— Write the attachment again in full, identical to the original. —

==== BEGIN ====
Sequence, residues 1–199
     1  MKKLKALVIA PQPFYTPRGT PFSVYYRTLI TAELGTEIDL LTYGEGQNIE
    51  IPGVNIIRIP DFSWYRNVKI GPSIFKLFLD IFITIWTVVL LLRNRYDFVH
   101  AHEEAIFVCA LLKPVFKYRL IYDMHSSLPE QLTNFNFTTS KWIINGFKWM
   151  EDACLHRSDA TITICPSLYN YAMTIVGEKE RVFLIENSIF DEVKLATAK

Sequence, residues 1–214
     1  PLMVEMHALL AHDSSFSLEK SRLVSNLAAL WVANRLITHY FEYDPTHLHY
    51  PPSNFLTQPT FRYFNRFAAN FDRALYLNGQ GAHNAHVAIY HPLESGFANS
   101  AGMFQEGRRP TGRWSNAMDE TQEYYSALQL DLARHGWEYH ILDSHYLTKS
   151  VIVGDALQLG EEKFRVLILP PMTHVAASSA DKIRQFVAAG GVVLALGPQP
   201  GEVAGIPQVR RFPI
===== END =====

Sequence, residues 1–199
     1  MKKLKALVIA PQPFYTPRGT PFSVYYRTLI TAELGTEIDL LTYGEGQNIE
    51  IPGVNIIRIP DFSWYRNVKI GPSIFKLFLD IFITIWTVVL LLRNRYDFVH
   101  AHEEAIFVCA LLKPVFKYRL IYDMHSSLPE QLTNFNFTTS KWIINGFKWM
   151  EDACLHRSDA TITICPSLYN YAMTIVGEKE RVFLIENSIF DEVKLATAK

Sequence, residues 1–214
     1  PLMVEMHALL AHDSSFSLEK SRLVSNLAAL WVANRLITHY FEYDPTHLHY
    51  PPSNFLTQPT FRYFNRFAAN FDRALYLNGQ GAHNAHVAIY HPLESGFANS
   101  AGMFQEGRRP TGRWSNAMDE TQEYYSALQL DLARHGWEYH ILDSHYLTKS
   151  VIVGDALQLG EEKFRVLILP PMTHVAASSA DKIRQFVAAG GVVLALGPQP
   201  GEVAGIPQVR RFPI